This statement was made on September 25, 2010 at "A 1325 Call to Action", ministerial meeting in preparation for the 10th anniversary of Security Council Resolution 1325. It is hosted as part of the Commitments Database project (link: www.peacewomen.org/commitments).
Mr. Secretary-General, Ms. Robinson, Minister Cannon, Ladies and Gentlemen,
My Government attaches great importance to this topic and to the difficult situation created by contemporary conflicts, in which women and children are most affected by the deterioration of their living conditions and their fundamental rights.
The ongoing commitment of Chile's foreign policy to peacekeeping operations has resulted in the inclusion in its national policies of new approaches such as the one outlined in Security Council resolution 1325, which emphasizes the participation of women in peace and security issues.
Our commitment is reflected in the adoption of the National Action Plan for the implementation by of Security Council resolution 1325, which constitutes the first and only plan adopted in the Americas and projects its work in three basic areas:
In the Ministry of Foreign Affairs
Although the Ministry clearly bears primary responsibility for the implementation of this plan, we are taking the initiative of adopting a cross-cutting approach, incorporating it internally in our work. For example, internally, we are adopting gender-sensitive policies in staff recruitment processes and, externally, we have shown our commitment to international humanitarian law through support for the adoption of the Oslo and Ottawa Conventions.
In the role of the defence institutions
These institutions participated actively, through working groups, in the drafting of the Plan. Most of the commitments made in this area are now being fulfilled. The review of the curricula of the various educational establishments, the compilation of gender-disaggregated statistics and the inclusion of more women in peacekeeping operations are examples of activities included in the Plan that reflect the contribution of the defence sector.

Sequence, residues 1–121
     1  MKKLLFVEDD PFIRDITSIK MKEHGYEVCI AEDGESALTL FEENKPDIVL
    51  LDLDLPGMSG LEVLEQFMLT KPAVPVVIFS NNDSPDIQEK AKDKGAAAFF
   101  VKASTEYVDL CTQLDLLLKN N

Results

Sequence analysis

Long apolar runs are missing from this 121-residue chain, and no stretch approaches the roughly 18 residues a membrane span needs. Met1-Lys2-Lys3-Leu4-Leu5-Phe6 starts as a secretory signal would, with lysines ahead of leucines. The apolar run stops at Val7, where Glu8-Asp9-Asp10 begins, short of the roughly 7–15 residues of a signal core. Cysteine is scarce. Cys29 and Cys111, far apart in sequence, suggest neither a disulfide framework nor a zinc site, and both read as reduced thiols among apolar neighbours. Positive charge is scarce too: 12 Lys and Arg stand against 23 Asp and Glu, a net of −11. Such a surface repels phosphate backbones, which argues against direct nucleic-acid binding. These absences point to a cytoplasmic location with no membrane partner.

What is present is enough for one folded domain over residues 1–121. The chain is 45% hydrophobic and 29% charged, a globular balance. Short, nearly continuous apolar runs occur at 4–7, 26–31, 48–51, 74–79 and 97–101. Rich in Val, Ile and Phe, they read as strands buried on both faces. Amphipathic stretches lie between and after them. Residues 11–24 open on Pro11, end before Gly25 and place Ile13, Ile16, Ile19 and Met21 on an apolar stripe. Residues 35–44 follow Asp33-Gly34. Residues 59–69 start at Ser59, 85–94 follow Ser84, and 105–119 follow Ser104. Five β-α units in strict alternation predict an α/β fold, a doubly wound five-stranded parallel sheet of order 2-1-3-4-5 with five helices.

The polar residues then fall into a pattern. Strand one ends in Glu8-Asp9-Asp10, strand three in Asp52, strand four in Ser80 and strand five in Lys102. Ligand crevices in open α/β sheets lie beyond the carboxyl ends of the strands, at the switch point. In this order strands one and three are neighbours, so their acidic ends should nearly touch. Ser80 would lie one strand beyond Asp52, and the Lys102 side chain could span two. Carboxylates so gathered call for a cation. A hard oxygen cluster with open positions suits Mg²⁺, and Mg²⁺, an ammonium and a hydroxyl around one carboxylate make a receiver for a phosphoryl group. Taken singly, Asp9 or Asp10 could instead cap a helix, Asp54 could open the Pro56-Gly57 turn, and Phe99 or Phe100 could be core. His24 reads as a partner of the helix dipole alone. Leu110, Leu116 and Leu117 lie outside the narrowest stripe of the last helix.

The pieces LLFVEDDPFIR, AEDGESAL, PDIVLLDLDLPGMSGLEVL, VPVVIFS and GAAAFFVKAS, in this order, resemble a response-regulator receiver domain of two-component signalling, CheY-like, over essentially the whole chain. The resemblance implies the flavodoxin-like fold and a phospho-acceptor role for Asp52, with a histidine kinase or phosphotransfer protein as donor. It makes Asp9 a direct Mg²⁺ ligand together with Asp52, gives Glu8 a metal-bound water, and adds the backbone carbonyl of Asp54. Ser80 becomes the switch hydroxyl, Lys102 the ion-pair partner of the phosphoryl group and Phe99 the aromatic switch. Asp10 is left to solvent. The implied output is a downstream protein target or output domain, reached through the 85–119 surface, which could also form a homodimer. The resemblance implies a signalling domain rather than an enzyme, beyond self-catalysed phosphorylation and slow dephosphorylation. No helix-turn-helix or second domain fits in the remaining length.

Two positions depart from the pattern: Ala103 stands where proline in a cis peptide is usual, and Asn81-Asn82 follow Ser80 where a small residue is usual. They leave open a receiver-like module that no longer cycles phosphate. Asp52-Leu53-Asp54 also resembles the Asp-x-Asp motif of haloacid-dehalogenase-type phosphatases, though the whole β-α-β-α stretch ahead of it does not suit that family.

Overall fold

In civil society
One of the key aspects of the implementation of resolution 1325 was the inclusion of civil society in the public process of launching this initiative - not as a mere spectator or recipient of the final result but as an active party. This made it possible to incorporate the vision of civil society regarding these topics so as to achieve a broader and more representative viewpoint. The idea was to identify gender and security organizations and experts. For various reasons, these two topics do not, at least in the region, usually coincide, since the topic of security and the topic of gender have differences of language, priorities and approaches.
Although the original design provided for the participation of civil society, its continuous action in the process of drafting the Plan resulted in the acceptance of the proposal to create an observatory with mixed membership (public agencies and civil
society bodies) with the task of participating in the process of accountability subsequent to the publication of the National Action Plan. In this way, civil society can keep attention focused on the Government's concern regarding the protection of women and
children in conflict and post-conflict situations.
We therefore believe that an element of vital importance in the implementation process will be the compilation of statistics to measure how well the mechanism is working. In our view, although there are few measurable examples, speedy action must be taken to allow quantitative and qualitative evaluation of the results of women's participation in the processes.
Now that over 6,000 men and women in the armed forces of Latin America and the Caribbean are actively participating in peacekeeping operations all over the world, we believe that the time has come to involve the majority of countries of the region in the challenge of implementing this resolution.
In this scenario, we see new possibilities for South-South triangular cooperation, in which donor countries or agencies could collaborate to finance initiatives of bilateral or regional cooperation. We are convinced that the Chilean experience, with the lessons learned, can be useful to other countries of the region. Accordingly, we are prepared to collaborate to enhance the efforts already made, improving the results achieved for the wellbeing of women and children in conflict and post-conflict situations.
In connection with the upcoming anniversary of the adoption of this resolution next October, we urge countries in the region to make available the participation of national experts, so that we can meet the challenge of making a reality of this resolution, ultimately aimed at a people-centered foreign policy.
Finally Mr. Secretary, I just want to say that we are proud for the appointment of Michelle Bachelet, past president of Chile. She will be a key support for the achievement of the goals of this resolution and the advancement of women's rights and opportunities across the world.